Muhammad Ali: From a Family of Percussionists
AAJ: You played recently with [pianist] Dave Burrell in Philly, right [for John Coltrane's birthday in 2006]?
MA: Yeah, we did a double-drum thing with [bassist] Reggie Workman, me and Rashiedit was a beautiful gig. I did a duo with Noah Howard at Temple University, and then the moment my brother was in the hospital, he asked me to do the gig at Newport for him with By Any Means, with [bassist] William Parker and [saxophonist/pianist] Charles Gayle. That was the group that Rashied was in, and so I did that gig and Rashied was very happy that I did it for him and that it went so well.
The gig was on the 9th of August and I told him I'd split the money with him and so forth, and then on the 12th he passed. It wiped me outsometimes I have to say it to get it out of my brain, because we always have played together since I was a kid, we used to be in the cellar and play hours and hours and he'd show me everything he knew. We were really close musically as well as spiritually and by being brothers.
AAJ: Is Omar still with us?
MA: Oh yes, he's with me now as a matter of fact. He's still playing all the timehe's a very spiritual person and he plays the spiritual part of the instrument, the African part, you know. He does the rituals as part of the Afro-Cuban thing, which is different. They play for reasonscongregations, fairs, marriages and wakes. It's a special kind of communication and anybody who isn't around that kind of music very much might not realize how much they do play. It's a wonderful thing. We all came up and we're all drummers.
AAJ: Did you ever play any other instruments? Rashied was quite a trumpeter at one point also.
MA: No, I play drumsthere are congas and bongos as well as the kit, and that's what I am really locked in with. Max told me that there was a lot to get out of this instrument, and if you're blessed, you've got so much in percussion to deal with that if you think you can find something else, that's up to you. There's so much thereJack De Johnette and Joe Chambers, they're beautiful piano players and some guys start off with trumpets and trombones, and I do play a little piano but percussion was my legacy and I'm still learning and dealing with it.
AAJ: Any plans to record again?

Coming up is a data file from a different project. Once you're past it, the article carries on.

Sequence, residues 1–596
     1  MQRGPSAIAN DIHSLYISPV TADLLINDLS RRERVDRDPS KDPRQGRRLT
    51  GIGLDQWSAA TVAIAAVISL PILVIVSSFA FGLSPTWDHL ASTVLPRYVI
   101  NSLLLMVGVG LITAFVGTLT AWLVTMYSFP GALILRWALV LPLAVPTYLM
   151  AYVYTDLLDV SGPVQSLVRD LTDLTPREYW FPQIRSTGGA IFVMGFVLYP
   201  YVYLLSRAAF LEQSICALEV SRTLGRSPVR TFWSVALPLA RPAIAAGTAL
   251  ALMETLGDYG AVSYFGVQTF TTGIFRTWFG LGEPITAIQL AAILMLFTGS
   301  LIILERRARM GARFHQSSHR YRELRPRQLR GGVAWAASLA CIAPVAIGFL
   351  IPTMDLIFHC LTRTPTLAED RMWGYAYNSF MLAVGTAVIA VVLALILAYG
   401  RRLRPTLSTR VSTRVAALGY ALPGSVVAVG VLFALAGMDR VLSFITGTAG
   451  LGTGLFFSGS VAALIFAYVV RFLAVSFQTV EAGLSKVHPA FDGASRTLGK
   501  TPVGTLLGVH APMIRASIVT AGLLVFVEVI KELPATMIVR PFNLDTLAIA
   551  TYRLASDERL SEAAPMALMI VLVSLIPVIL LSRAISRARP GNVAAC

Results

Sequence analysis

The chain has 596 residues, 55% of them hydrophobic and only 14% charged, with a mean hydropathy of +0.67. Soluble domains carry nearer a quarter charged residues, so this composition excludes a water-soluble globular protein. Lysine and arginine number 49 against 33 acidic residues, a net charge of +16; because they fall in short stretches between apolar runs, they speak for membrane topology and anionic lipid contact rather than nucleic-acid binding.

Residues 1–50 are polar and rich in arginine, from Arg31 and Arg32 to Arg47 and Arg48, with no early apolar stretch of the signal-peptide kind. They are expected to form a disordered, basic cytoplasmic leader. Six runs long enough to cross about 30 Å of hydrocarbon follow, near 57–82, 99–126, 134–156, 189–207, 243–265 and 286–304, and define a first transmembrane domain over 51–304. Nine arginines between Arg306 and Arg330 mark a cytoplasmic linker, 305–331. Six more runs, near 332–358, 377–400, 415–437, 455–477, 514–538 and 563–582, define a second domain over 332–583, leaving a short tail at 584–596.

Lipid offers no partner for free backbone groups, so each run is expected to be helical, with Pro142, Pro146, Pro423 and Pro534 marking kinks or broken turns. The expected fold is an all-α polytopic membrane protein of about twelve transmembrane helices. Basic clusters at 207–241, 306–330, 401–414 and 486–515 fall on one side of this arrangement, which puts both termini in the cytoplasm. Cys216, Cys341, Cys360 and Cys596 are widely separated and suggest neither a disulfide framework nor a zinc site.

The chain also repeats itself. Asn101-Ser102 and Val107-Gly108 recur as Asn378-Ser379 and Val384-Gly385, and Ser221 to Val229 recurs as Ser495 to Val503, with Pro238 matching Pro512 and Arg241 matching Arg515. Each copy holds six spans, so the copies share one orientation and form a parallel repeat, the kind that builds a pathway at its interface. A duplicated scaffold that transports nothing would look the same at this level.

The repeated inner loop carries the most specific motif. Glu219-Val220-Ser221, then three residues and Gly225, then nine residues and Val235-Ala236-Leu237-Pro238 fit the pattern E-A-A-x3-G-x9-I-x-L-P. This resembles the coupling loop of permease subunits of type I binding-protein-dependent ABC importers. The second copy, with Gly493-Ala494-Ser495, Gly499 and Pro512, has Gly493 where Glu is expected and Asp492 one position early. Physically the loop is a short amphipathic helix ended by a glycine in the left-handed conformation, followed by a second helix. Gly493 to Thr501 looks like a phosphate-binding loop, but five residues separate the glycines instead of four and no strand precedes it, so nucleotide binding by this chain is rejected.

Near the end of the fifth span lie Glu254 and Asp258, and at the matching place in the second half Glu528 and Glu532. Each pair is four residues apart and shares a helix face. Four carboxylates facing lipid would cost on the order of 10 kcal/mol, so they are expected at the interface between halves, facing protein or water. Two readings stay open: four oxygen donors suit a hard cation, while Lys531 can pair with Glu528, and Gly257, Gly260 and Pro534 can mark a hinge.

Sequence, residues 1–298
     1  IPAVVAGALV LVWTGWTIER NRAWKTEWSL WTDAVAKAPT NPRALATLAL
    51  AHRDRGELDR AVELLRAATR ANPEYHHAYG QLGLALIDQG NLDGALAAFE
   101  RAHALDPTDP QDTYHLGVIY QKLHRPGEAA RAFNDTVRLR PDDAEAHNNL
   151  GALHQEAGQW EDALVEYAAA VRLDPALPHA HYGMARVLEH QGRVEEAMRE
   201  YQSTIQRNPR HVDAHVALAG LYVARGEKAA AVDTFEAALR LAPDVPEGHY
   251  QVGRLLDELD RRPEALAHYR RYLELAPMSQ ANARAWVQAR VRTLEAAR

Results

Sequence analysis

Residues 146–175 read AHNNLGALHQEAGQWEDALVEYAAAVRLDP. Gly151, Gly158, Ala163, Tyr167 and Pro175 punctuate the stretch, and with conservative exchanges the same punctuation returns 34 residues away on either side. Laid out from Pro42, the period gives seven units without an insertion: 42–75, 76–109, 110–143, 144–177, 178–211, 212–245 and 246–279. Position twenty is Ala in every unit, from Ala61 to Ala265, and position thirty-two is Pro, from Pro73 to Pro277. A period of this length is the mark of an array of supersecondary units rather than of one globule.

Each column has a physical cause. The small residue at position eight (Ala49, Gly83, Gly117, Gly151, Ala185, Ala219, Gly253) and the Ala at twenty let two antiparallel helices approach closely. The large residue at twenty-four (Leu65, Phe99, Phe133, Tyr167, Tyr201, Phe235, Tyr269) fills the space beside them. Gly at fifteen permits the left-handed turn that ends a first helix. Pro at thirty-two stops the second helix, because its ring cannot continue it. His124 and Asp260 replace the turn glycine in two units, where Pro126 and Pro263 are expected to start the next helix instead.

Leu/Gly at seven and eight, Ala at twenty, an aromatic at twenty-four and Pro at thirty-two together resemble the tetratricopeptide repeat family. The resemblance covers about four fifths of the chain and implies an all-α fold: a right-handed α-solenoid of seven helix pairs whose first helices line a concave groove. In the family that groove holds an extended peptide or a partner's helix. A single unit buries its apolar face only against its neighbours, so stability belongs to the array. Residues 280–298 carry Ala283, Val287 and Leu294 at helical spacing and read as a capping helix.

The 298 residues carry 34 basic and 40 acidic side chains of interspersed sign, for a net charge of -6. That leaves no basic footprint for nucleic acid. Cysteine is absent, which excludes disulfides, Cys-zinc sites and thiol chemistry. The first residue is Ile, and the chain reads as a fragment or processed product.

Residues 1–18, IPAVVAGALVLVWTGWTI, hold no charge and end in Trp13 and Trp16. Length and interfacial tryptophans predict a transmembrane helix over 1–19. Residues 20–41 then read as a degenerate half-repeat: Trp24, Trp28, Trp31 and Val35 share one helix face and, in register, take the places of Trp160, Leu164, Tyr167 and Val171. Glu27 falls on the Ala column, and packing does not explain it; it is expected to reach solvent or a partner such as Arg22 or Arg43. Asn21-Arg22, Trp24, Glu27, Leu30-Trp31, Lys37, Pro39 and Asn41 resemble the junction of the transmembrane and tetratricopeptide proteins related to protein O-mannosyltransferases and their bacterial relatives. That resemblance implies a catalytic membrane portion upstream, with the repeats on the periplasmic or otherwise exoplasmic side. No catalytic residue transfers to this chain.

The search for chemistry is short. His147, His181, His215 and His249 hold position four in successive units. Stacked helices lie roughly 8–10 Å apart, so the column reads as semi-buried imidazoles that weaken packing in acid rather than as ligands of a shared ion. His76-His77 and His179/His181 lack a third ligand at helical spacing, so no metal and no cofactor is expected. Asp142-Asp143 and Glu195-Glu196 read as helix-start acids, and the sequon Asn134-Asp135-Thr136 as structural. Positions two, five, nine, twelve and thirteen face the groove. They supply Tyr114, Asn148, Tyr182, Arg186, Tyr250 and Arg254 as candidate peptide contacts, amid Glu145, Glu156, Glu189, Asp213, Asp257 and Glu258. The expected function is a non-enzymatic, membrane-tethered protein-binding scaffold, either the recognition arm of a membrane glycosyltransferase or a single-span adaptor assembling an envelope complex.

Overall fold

MA: Down the road; I've got some projects in the wings and I have been offered some things. I want to make one thing clear, by the way: I was born in Philadelphia in 1936 as Raymond Patterson and that's my family name. When we took on the Ali name, it was religious and artistic. Artistically and religiously is the way I accept Muhammad Aliartistically like Art Blakey (Abdullah Ibn Buhaina) and Larry Young (Khalid Yasin), who later came into Islam and changed their names. Back in those days, that's how we came out of it, though I'm not following anything anymore. I'm too old to be following anything other than music [laughs]!
Michel Pilz, Jamabiko (MP, 1984)
Bobby Few, Rhapsody in Few (Black Lion, 1983)
Alan Silva and the Celestrial Communication Orchestra, The Shout/Portrait from a Small Woman (Sun, 1978)
Noah Howard, Live in Europe Volume 1 (Sun, 1975)
Frank Wright, Unity (ESP, 1975)
Frank Wright/Muhammad Ali Duo, Adieu, Little Man (Center of the World, 1974)
Bobby Few, More or Less Few (Center of the World, 1974)
Frank Wright, Last Polka in Nancy? (Center of the World, 1973)
Frank Wright, Center of the World (Center of the World, 1972)
Hans Dulfer, El Saxofon (Catfish, 1971)
Archie Shepp, Doodlin' (Carson/Inner City, 1970)
Archie Shepp, Coral Rock (America, 1970)
Archie Shepp, Pitchin' Can (America, 1970)
Frank Wright, Church Number Nine (Calumet, 1970)
Frank Wright, One for John (BYG, 1969)
Albert Ayler, Music is the Healing Force of the Universe (Impulse!, 1969)
Alan Shorter, Orgasm (Verve, 1968)
Noah Howard, The Black Ark (Freedom, 1968)
Frank Wright, Your Prayer (ESP, 1968)
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